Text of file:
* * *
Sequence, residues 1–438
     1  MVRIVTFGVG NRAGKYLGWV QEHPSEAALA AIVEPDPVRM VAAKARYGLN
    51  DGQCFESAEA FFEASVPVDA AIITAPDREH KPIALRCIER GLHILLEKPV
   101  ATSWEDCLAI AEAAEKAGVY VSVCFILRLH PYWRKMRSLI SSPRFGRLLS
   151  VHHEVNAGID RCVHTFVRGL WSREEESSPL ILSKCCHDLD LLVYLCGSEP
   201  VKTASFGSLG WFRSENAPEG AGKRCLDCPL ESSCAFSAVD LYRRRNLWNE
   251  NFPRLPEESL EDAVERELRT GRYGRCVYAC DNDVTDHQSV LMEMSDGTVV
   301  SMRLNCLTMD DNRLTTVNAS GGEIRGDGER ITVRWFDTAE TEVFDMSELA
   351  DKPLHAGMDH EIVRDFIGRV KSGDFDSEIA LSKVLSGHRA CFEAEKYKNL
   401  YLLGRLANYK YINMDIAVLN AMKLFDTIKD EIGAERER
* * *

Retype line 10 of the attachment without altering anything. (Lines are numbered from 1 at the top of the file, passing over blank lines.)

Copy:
   401  YLLGRLANYK YINMDIAVLN AMKLFDTIKD EIGAERER